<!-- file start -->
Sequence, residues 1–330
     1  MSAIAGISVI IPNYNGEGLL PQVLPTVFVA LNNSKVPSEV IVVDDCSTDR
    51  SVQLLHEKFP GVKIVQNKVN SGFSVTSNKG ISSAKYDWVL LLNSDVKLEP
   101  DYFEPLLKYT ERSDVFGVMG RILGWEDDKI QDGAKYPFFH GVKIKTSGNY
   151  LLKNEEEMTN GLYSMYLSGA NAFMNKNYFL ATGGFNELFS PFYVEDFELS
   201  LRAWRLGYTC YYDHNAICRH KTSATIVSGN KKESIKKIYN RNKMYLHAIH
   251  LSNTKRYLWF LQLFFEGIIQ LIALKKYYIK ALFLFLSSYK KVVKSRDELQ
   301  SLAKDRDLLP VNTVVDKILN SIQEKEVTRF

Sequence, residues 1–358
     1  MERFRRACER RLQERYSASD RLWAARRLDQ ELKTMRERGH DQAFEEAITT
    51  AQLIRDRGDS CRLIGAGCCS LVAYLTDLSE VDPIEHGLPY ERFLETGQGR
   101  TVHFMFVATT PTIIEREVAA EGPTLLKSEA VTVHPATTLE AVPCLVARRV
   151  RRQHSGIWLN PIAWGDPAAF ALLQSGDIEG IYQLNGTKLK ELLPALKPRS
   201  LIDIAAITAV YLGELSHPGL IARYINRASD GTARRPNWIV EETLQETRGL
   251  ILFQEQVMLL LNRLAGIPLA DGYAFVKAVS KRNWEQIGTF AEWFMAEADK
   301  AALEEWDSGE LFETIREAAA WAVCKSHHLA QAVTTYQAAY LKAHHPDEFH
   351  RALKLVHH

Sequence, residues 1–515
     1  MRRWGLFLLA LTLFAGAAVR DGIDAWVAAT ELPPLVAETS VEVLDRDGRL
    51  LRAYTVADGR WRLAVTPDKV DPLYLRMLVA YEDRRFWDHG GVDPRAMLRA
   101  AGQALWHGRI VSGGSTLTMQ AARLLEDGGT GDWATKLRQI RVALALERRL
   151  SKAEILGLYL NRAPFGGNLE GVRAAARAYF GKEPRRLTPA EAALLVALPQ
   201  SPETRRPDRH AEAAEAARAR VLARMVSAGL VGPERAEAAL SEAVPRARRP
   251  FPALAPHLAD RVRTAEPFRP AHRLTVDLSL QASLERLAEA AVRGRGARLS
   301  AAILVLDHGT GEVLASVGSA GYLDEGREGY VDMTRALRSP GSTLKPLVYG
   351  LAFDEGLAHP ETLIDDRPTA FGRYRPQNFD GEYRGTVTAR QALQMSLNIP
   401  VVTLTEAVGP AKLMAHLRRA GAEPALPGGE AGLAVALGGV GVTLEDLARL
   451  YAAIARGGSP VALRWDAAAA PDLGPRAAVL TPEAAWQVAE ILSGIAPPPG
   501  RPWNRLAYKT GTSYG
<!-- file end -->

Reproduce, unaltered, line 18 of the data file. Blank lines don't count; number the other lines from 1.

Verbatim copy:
Sequence, residues 1–515